According to him, Paris’ stance is significantly complicated by its dependency on the US market - about half a million people are working at French enterprises in the US - and this economic fact has always made French businesses look up to the US.
"The Americans, of course, do not intend to exacerbate relations and clash with the Europeans and, I think, Biden will have to make certain concessions. Yet it is unlikely that the US will lower gas prices by a factor of three - they will say that this is market-regulated and they cannot do anything about this. So it is very doubtful that Macron will be able to get something for Europe," the expert concluded.
Russian Prime Minister Mikhail Mishustin will visit Samarkand on December 1-2 to participate in a Russian-Uzbek business forum. The event’s agenda includes the issues of transportation, logistics and the development of Russian industrial clusters in the Central Asian republic, according to the press service of Russia’s trade mission in Uzbekistan. During talks with his Uzbek colleague Abdulla Aripov, the head of the Russian government will also discuss Vladimir Putin’s proposal on creating a gas union between Russia, Kazakhstan and Uzbekistan.
"A broader union is needed, which would be useful not only for Russia but also for Kazakhstan, and even for Uzbekistan. Including a political one but by all appearances nobody is ready for this yet," Leading Researcher with the Institute for International Research at Moscow State Institute of International Relations Alexander Knyazev told the newspaper. As for an economic union, there is already the Eurasian Economic Union where Uzbekistan, being an observer, is more active than the majority of its full-fledged members. According to the expert, the gas track in question has a lot of potential. The main point is not so much in supplying northern Kazakhstan with Russian gas but in Russia changing the direction of its exports and looking for new markets in Asia. "It is obvious that Russia does not need Kazakhstan or Uzbekistan as competitors on the gas market. This is about using Kazakhstan for gas transit to China, especially since both countries expect to stop gas exports in the near future. Uzbekistan may completely stop them in 2025-2027, while Kazakhstan - even earlier," the expert noted.
"On the one hand, the republic may benefit from becoming a major gas hub in such a promising direction. On the other hand, it is necessary to carefully consider all the pros and cons. For example, to figure out how Kazakhstan’s Western partners would react to such assistance by Russia and whether this would impact the operation of foreign companies at the republic’s key oil and gas production fields," Knyazev explained.
So far, Uzbekistan’s authorities have refrained from commenting. "This is a rather meaningful silence since this issue has several aspects. The first one being that two years ago the Uzbek government announced that the country would reduce its gas exports and by 2027 at the latest will completely stop its deliveries," Bakhtier Ergashev, Director of Tashkent-based Ma'No Center of Research Initiatives, told the newspaper. "The second thing is what Russia has been talking about - the export of Russian gas with the use of Kazakhstan’s and Uzbekistan’s gas transport capacity," he stressed. "The position of the Uzbek leadership is understandable: on the one hand, it is possible to become part of a huge gas transport system with large volumes of gas pumped and receive decent transit payments, but on the other, this involves certain tensions on the Western track in general and with the US in particular. It is interesting, what will prevail - economic pragmatism or the desire not to offend the West?" the expert concluded.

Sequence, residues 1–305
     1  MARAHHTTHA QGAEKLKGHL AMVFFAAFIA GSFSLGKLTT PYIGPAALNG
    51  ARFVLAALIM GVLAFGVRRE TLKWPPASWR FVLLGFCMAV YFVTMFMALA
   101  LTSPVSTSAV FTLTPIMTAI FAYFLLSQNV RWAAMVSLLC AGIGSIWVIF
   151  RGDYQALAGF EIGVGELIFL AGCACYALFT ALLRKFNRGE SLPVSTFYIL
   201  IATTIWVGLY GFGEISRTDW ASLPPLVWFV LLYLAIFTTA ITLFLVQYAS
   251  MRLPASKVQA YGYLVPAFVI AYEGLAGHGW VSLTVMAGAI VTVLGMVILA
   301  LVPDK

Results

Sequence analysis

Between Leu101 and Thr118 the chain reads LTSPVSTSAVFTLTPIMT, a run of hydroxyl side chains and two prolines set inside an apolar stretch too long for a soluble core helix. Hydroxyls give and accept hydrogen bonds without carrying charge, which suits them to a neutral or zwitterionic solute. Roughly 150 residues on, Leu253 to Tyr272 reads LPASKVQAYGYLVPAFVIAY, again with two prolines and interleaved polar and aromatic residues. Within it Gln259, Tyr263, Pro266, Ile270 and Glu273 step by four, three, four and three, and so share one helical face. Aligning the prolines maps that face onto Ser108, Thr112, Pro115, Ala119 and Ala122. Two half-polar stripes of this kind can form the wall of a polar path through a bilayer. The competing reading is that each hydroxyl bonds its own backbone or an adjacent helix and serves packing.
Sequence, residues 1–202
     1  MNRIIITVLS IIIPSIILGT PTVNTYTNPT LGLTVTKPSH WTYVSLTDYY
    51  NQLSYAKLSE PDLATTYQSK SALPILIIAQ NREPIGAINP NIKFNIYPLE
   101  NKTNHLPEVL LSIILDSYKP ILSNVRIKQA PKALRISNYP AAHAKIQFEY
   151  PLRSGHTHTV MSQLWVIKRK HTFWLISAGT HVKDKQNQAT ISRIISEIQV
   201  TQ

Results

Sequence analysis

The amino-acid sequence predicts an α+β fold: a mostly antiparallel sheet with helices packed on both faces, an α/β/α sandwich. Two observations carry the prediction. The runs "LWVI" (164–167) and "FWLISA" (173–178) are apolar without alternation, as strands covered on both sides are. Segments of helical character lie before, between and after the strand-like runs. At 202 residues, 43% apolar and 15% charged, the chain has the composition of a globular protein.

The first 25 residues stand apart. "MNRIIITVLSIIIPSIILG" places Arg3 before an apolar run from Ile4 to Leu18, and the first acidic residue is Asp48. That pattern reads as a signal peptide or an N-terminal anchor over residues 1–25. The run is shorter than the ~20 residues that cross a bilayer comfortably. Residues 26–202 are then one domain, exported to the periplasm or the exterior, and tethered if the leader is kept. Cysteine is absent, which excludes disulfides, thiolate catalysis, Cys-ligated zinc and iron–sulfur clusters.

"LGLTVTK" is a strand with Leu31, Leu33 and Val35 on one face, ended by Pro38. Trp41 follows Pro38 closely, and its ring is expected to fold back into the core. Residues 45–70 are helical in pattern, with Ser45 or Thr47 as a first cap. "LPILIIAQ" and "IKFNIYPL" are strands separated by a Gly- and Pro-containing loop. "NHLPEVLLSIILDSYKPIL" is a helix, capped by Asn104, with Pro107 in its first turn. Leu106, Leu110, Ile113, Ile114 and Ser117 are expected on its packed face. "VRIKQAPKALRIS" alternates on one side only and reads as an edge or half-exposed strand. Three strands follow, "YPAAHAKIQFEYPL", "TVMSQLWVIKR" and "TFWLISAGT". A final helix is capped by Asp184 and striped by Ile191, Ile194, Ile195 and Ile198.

The pro-Kurdish administration of North and East Syria wants the US to toughen its approach to Turkey’s "Claw-Sword" operation. To this end, Co-President of its Executive Council Ilham Ehmed will travel to Washington in the next few days. Kurdish-controlled nongovernmental military formations targeted by Ankara’s trans-border attacks have been disappointed by the Biden administration's stance. The U.S. side appears to have evacuated its civilian personnel to neighboring Iraq, as well as reduced patrols.
Associate Professor at the Department of Political Science and International Affairs at the HSE campus in St. Petersburg Leonid Isaev expressed doubt that relations between Ankara and Washington could deteriorate. "This is not the first operation that Turkey has conducted against the Kurds," the analyst told the newspaper, adding that previous operations were mostly demonstrative and aimed to show what the Turkish leadership was not going to put up with while their actual results have not led to any significant changes.
The expert noted that the "Claw-Sword" operation may also be restricted mostly to symbolic actions. "It is doubtful that the Turks will be interested in getting engaged in a full-blown military conflict now," the expert explained.
He sees Erdogan’s actions as an attempt to benefit from the current geopolitical situation, the standoff between Russia and the West. "Turkey is in a unique position where it maintains relations with both sides," Isaev said. "They are both interested in maintaining relations with Ankara. This is an advantageous situation for the Turks to conduct a military operation since the probability of either side putting pressure or sanctioning it is minimal. In the context of the Russia-West global conflict, interaction with Turkey both for Russia and the US outweighs even those negative trends that could emerge during Turkey’s operation against US allies in Syria," he explained.